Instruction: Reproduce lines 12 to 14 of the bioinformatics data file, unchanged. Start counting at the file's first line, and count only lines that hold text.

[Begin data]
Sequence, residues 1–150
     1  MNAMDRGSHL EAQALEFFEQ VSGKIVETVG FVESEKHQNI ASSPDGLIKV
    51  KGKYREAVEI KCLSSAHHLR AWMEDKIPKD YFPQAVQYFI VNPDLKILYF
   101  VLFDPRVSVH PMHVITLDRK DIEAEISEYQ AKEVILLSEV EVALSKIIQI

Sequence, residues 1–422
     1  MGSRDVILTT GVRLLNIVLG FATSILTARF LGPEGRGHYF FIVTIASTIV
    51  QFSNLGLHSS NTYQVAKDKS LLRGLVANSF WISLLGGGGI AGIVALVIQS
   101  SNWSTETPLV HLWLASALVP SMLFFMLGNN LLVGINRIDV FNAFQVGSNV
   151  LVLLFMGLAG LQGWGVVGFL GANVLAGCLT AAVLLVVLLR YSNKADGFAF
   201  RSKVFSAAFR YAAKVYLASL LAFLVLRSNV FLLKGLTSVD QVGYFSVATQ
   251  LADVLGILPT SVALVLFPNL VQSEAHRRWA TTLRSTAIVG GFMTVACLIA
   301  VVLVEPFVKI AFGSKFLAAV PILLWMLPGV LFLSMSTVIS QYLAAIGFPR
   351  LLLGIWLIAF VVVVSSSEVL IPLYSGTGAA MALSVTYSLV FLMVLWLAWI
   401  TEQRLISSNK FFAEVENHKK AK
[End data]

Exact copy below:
   301  VVLVEPFVKI AFGSKFLAAV PILLWMLPGV LFLSMSTVIS QYLAAIGFPR
   351  LLLGIWLIAF VVVVSSSEVL IPLYSGTGAA MALSVTYSLV FLMVLWLAWI
   401  TEQRLISSNK FFAEVENHKK AK